“You hired me as an Emergency Manager; you hired me to do the planning. What I’m worried about is if it does get widespread, are all of these employees still going to be healthy enough to where I can put them in a different job? I may have to recruit some people and put them in different jobs, and if they’ve been seeing the public for the last two weeks-I may have nothing,” said Kirkendall.

Sheriff Hardesty said it would be the same for the Richardson County Sheriff’s Department.

“There’s seventeen of us. If the numbers that Dr. Tramp threw out were thirty to forty percent of the population of Richardson County will be infected; five percent of those would be hospitalized; one to three percent would be critical, and of that one and a half to point three-four percent would be a fatality. So like I said, there’s 17-18 of us, as law enforcement we start losing cops. What do we do? I’ll have to start to deputize. The fact is that if this starts spreading-we get one confirmed case, by the time it’s confirmed how many people have been contaminated?” said Sheriff Hardesty. “We could go from one to sixty, pretty quick. With the numbers they were throwing out, they figured 80 to 100 people in Richardson County may be a fatality.”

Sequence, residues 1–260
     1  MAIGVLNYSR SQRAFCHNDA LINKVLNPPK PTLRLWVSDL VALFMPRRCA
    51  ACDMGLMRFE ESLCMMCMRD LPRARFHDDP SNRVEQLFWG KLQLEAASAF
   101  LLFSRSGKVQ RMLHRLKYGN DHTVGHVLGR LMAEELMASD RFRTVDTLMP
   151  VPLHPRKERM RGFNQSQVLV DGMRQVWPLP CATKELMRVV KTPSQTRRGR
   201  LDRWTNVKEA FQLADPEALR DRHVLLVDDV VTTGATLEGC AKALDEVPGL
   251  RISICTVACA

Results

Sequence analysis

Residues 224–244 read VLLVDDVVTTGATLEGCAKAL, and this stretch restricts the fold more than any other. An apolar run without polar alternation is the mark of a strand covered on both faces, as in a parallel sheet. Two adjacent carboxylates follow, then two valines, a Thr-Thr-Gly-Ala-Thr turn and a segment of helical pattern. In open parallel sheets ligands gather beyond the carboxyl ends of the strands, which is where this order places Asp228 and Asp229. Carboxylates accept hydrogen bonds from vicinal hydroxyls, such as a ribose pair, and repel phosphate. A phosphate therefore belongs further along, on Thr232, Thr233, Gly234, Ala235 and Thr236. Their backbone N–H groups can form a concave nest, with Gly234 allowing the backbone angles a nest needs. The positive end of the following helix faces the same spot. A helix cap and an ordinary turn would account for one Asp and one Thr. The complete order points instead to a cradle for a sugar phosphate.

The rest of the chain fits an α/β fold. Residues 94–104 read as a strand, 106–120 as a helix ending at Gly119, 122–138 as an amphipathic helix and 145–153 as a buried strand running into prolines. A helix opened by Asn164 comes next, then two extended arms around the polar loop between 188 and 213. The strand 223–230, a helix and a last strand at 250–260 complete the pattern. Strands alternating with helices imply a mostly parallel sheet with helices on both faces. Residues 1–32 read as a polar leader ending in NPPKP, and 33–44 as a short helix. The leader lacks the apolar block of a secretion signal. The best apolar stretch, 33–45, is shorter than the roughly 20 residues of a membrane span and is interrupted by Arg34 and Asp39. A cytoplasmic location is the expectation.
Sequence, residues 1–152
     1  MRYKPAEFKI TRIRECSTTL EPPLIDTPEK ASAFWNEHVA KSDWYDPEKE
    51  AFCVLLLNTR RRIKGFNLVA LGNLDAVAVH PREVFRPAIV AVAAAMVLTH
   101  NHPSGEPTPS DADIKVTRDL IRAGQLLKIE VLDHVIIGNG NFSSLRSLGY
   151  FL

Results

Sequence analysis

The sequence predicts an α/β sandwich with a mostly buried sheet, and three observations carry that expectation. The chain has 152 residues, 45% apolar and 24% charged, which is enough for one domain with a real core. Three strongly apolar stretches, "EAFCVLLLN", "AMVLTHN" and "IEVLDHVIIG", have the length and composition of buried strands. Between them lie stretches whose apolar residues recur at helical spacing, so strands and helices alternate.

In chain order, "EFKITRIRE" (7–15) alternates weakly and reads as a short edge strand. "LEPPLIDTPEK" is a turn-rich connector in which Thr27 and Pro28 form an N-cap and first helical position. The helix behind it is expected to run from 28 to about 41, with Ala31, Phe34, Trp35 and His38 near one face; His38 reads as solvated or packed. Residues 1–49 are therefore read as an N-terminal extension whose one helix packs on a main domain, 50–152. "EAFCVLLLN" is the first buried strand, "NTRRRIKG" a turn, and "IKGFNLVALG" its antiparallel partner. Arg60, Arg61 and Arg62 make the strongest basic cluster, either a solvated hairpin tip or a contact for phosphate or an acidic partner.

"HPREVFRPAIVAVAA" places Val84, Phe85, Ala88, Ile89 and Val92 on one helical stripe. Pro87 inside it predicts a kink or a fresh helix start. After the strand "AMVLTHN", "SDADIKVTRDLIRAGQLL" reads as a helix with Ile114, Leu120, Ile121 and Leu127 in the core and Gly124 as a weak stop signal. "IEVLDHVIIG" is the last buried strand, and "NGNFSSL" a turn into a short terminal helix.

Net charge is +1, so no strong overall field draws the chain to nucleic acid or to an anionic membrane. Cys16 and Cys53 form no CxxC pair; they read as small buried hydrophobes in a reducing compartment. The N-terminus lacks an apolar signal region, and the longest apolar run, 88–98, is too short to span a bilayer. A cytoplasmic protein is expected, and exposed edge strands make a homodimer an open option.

“I do believe that’s the way to go at this point. Looking out for ourselves to do our jobs, plus looking out for our community-I believe we should be closed to the public, post phone numbers, and go that route,” said Kirkendall.

A motion was made by Sickel effective at 5:00 p.m. March 24, 2020, to suspend the public access at the Richardson County Courthouse due to the COVID-19 until further notice and to post on all entrance doors telephone numbers of each office for the public to contact the office in need to perform their business over the phone if possible, also post the County’s website address for persons to access in which most business within the Courthouse can be conducted through and  if not to schedule an appointment to perform such business that is otherwise not available through any other source with that office.  Motion seconded by Frank. The motion carried.

County Court and District Court will still be in session and persons needing to appear for court hearings should call that office to gain access to the respective courtroom.  District Court, Judge Smith is 402-245-2023 and County Court, Judge Maschman is 402-245-2812.

Driver examinations will not be conducted during this time by the NE Department of Motor Vehicles.  For further information on licensing questions, please call 402-416-2240.

County officials encourage citizens to use the online services available at the Richardson County website to cut down the amount of foot traffic in the Courthouse and to limit the opportunity for community spread.

For further resources, please visit the Richardson County website at www.co.richardson.ne.us  or the Nebraska Association of Counties’ website at www.nacone.org.